Why Some Ecologists Worry About Rooftop Honey Bee Programs

Early morning sunlight and strong cooling winds hit the roof of a 52-story Chicago high-rise, where three wooden structures that, in another setting, might look like unfinished filing cabinets sit in a row. They are tucked up against an overhang that buffers them from lake breezes in the winter. But inside of these structures, you won’t find files. Instead, they hold tens of thousands of honey bees, whose honey serves as a perk for the building’s tenants. The bees drink from the rooftop garden water lines, and the golden-yellow flowers of sedum plants are a convenient source of pollen and nectar. Flowers in parkways and median planters, weeds in abandoned lots, and plants in other rooftop gardens also attract the foraging bees. “The city is their garden,” says Sarah Long, the lead beekeeper.

Long works for Best Bees Company, which provides beekeeping services to clients across the country who want to start honey bee programs. They also collect data on their hives and the honey the bees produce, with the aim of contributing to the overall movement to “save the bees.” Each hive they maintain represents a data point that supports research on improving pollinator health. Long believes in the benefits of rooftop programs. “Studies have shown that urban settings have more plant diversity than rural settings,” Long says. “Just like humans, more diverse diets are thought to provide better nutrition and be better for bee health.”

While it may seem strange that these insects live more than 50 stories up in the middle of the Windy City, Corky Schnadt, president of the Illinois State Beekeepers Association, notes that a Chicago rooftop is a surprisingly good habitat for beekeeping. “Honey bees travel up to three-and-a-half miles to find forage, so an elevation of 695 feet doesn’t add too much to the distance,” says Schnadt. “Chicago, at least historically, uses less pesticides, and there is a lot more greenery than you would imagine in the city’s parkways.”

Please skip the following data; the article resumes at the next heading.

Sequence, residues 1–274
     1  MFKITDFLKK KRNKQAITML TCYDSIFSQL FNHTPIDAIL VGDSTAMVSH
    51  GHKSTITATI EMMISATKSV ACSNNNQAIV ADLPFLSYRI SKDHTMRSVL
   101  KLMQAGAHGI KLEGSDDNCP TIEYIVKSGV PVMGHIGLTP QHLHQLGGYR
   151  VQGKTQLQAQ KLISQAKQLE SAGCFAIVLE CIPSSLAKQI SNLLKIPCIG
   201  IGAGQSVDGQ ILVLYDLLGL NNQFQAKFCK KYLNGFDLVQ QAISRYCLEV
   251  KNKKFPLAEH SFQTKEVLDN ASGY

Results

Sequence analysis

In addition to some famous hives like the ones atop the White House and the Colorado Convention Center, more than 2.98 million honey bee colonies are registered across the US, according to the US Department of Agriculture. In 2019, 4,922 beekeepers registered more than 6,000 apiaries with 34,255 active honey bee colonies in Illinois, according to the state’s own agriculture department. State-specific statistics probably reflect low-end estimates, as hive registration is not required in many states, and backyard or urban beekeepers with fewer than five hives are not counted nationally.

But the growing interest in hobbyist beekeeping has some ecologists worried. The European honey bee, as its name might suggest, is not native to North America and was brought over in the 17th century for agricultural and economic purposes. While honey bees are a managed pollinator species, about 4,000 species of native bees also call the US home, including its urban areas. One group of researchers observed dozens of wild species across several Chicago neighborhoods, while another nature organization recorded more than 200 species in New York City. Now, some ecologists are concerned that with so much human help, the newcomers might outcompete their wild cousins, causing an ecological ripple effect that would threaten both the bees and the plants that depend on them.

In August, Monika Egerer, a postdoctoral fellow at the Technical University of Berlin, published a paper in the journal Trends in Ecology & Evolution about the “Gordian Knot” of urban beekeeping, borrowing a metaphor from Greek mythology representing a problem with little or no solution. “Urban beekeeping is a tricky, complex problem tied up like a knot, and many people want a simple way to untie it,” says Egerer, who will be heading to the Department of Ecology and Ecosystem Management at the Technical University of Munich this October. “But there’s no one way to solve this issue, and it really is city context dependent.”


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